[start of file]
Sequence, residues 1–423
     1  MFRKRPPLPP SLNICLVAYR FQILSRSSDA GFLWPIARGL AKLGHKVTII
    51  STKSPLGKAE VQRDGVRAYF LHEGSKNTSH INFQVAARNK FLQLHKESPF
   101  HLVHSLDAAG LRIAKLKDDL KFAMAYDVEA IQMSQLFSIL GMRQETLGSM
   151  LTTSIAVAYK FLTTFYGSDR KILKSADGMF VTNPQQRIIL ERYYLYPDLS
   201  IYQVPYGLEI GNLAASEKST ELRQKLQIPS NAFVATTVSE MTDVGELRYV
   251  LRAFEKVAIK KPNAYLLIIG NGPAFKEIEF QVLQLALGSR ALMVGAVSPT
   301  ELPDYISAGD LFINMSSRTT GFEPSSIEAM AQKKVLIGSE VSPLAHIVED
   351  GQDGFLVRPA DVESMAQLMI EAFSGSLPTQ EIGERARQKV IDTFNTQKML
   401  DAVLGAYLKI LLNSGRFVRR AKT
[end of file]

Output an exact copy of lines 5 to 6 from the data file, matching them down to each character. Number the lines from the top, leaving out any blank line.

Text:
   151  LTTSIAVAYK FLTTFYGSDR KILKSADGMF VTNPQQRIIL ERYYLYPDLS
   201  IYQVPYGLEI GNLAASEKST ELRQKLQIPS NAFVATTVSE MTDVGELRYV